The work of finding oneself is very much a post-modern development and definitely a development of an affluent environment.
I mention this as it does play an important part in how couples relate and interact during a marriage or relationship. It also vastly influences the willingness to have children and how children will be raised. In a coaching process of a modern family, the notion of self and the goals of the woman in the family will most likely play an important part for the different family members to come to a conclusion on how they would like to live and interact.
When a woman is entering a relationship an additional role is added to being herself – being a spouse.
Being a wife to a husband used to have a relatively straight-forward description: make your husband happy, cook something nice, entertain guests, make the house look pretty, bare and raise children. There are plenty of book from the 50s on how to be a “good wife”.
Social changes and shifted gender perceptions have changed this dramatically. Depending on the cultural background women are more or less expected to be “the support” of the husband and men are more and more expected to share the workload of the home. Women are not merely an addition to their husbands, with relationships today usually having the focus to being mutually satisfying.
The understanding of partnership in a marriage has changed also with the increasing numbers of women going into higher education and entering the workforce.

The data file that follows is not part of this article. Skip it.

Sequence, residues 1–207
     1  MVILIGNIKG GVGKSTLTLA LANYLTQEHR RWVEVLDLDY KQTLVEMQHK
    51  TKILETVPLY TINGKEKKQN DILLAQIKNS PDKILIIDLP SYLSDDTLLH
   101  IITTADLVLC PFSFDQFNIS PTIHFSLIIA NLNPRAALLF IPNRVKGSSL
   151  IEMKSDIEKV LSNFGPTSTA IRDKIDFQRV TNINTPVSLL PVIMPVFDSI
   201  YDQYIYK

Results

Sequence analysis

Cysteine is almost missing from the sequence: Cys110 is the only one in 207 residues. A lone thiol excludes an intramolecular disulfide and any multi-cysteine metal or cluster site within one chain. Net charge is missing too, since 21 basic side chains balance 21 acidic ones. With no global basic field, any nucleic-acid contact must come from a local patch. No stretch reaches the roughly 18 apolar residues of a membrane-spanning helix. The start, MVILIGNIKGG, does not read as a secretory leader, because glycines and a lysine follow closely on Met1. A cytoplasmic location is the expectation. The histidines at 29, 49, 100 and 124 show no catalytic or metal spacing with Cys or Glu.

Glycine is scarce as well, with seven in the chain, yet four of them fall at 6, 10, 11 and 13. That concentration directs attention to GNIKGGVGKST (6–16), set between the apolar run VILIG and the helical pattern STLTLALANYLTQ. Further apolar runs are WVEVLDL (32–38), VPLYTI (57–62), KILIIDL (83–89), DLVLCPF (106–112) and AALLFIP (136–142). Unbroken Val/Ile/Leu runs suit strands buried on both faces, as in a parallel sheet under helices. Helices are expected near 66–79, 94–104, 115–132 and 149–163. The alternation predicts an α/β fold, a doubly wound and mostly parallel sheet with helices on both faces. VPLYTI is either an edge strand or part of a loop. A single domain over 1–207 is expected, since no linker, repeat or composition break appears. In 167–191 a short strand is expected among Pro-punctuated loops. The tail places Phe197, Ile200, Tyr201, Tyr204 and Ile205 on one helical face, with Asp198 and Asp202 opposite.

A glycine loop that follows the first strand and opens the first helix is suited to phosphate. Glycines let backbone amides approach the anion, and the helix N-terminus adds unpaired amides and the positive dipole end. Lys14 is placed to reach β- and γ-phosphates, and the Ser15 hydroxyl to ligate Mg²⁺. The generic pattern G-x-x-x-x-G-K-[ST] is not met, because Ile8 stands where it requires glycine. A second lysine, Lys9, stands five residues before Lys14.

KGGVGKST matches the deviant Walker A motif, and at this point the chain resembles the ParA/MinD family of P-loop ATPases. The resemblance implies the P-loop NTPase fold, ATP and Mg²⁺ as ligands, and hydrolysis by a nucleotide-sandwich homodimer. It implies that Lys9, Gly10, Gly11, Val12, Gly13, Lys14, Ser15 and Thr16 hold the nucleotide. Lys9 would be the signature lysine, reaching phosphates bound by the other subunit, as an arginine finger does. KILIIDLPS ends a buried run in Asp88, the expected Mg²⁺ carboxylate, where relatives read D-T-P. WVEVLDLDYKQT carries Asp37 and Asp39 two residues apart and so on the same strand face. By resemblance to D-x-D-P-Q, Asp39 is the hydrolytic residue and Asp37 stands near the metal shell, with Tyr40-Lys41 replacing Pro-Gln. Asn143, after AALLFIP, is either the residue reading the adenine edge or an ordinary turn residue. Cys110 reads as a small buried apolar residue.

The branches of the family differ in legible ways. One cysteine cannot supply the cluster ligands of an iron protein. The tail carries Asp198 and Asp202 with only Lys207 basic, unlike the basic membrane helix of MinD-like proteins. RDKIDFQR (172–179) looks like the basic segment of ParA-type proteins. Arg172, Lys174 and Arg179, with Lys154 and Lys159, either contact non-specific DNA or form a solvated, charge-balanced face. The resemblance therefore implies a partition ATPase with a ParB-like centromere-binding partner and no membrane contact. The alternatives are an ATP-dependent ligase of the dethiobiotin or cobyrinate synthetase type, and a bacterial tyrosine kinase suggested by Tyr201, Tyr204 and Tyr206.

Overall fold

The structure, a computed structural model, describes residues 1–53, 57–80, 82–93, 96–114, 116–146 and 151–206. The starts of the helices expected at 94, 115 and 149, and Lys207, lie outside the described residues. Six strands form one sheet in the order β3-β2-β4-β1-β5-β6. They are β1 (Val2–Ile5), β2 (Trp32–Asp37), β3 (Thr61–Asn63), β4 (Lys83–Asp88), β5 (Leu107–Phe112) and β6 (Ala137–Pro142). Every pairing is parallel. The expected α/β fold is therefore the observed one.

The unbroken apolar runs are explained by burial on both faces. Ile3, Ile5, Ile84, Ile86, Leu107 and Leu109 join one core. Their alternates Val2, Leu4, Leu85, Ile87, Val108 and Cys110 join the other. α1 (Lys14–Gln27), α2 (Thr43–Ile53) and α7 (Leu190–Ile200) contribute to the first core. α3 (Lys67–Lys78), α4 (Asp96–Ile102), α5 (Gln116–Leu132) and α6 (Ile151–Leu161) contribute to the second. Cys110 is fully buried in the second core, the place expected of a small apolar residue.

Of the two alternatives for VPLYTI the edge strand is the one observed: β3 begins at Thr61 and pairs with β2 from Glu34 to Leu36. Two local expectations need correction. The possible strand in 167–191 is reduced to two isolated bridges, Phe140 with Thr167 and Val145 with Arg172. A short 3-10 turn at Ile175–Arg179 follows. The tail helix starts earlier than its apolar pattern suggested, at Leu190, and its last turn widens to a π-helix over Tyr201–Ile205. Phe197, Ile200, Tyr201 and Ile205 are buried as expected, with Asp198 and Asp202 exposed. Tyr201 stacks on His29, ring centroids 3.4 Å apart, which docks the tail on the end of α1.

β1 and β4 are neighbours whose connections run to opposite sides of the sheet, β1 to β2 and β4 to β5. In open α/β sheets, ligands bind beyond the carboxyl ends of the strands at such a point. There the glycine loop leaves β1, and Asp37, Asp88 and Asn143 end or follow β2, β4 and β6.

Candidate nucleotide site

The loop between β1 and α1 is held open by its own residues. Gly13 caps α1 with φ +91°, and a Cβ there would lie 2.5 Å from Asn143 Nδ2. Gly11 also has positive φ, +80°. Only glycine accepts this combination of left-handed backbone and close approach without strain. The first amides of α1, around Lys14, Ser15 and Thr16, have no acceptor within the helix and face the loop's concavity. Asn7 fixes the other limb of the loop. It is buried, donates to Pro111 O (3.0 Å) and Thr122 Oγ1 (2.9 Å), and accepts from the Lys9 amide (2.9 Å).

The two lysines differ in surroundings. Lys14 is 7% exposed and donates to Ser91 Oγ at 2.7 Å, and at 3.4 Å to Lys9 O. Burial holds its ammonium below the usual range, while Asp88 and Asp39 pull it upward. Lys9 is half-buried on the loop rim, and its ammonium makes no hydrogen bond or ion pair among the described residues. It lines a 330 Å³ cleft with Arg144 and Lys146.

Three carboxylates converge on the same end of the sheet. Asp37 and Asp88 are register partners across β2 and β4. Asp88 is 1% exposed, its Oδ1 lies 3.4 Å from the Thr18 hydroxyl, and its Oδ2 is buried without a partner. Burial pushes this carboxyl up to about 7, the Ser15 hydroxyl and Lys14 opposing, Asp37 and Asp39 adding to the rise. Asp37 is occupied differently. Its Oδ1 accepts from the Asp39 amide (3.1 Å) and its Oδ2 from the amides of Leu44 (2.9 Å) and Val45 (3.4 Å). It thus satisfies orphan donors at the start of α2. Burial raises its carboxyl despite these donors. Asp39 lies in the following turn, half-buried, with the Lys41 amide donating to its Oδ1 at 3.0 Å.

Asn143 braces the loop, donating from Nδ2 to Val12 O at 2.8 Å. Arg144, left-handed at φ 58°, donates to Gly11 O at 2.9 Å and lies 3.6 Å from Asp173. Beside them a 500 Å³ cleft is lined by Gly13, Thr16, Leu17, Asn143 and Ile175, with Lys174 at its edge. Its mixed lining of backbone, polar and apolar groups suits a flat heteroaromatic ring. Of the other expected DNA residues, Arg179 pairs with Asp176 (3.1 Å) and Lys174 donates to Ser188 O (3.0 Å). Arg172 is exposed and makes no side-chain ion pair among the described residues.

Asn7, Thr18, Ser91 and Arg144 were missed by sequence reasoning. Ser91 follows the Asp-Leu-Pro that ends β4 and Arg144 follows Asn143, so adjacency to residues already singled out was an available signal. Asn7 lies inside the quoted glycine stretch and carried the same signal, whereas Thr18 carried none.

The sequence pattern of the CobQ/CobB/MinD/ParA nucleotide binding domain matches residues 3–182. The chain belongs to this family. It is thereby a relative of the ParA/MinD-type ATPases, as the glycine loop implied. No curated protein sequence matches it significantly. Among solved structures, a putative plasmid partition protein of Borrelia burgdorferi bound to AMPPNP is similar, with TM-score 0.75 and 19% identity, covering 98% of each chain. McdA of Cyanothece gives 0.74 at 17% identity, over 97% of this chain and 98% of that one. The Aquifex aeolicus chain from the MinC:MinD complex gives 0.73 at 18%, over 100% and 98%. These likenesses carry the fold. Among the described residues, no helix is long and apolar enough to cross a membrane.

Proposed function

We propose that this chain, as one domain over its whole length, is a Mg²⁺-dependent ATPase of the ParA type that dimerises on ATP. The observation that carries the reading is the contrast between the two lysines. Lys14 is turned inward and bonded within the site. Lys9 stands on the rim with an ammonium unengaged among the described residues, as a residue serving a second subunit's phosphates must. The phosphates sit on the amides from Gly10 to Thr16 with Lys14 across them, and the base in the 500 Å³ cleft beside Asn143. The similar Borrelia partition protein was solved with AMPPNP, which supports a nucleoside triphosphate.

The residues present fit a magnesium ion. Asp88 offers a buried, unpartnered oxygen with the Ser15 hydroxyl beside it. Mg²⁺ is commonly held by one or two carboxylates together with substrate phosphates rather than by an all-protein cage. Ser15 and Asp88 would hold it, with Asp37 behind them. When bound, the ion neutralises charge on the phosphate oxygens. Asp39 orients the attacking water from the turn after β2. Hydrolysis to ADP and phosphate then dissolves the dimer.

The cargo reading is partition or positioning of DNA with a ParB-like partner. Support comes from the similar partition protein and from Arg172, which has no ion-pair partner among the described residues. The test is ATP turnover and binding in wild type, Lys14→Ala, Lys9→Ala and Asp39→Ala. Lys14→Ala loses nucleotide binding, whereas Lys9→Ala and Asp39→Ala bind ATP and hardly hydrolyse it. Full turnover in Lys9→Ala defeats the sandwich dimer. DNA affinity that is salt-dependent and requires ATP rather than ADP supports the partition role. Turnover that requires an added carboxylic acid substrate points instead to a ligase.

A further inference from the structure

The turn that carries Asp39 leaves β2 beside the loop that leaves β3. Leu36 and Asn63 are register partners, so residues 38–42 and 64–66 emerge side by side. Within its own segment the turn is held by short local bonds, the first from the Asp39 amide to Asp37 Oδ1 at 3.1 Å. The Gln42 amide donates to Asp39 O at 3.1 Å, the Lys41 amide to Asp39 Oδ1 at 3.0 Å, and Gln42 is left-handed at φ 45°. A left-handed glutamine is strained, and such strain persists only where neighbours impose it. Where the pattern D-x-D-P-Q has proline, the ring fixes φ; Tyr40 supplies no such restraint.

Marriages have become institutions in which both sides bring rules, expectations and culture to the table.
The role of the women in a partnership, nevertheless will take some time and investment from her side. This will be important for the coaching process.
When children are born into the family, she will also become a mother.
Whether the women want to stay at home, go back to work, or take a defined period of time off work, will often depend on the financial situation of the family, but is also highly connected to the notion of self and the arrangements of the partnership of the parent couple, as well as childcare options.
Most likely, the role of being a mother is the role, which will take a big chunk of time of a mother’s available hours and will also most likely mean an intense emotional involvement.
The expectations from other people on how to parent, the expectations of herself, her own experiences as a daughter and her parenting goals will influence the way she will parent.
In this modern age, women often enter a conflict when they become mothers, the conflict of having too many roles on ones plate without the hours available to be all these roles to a satisfying degree. There is often an uncertainty, whether to keep all existing roles or skip one of the roles to the benefit of another role.
Coaching can help these mothers to become clear about their true values and priorities, their “baggage” and how to maneuver the demands of a modern society with the goals and values they have for themselves.
The single mum
For whatever reasons a woman will end up a single mum, her situation will change dramatically, as she faces the challenge of having no one living in the same household, to share her parent role with.
Not long ago, a single mum would have lost her husband to war or death of any other kind. Divorce was a rare thing to happen.
In the 21st century divorce in most western European countries levels around 30%, in the UK, US and Scandinavia even nearly 50%.
This development has high implications on the general look of society and the challenges families are facing.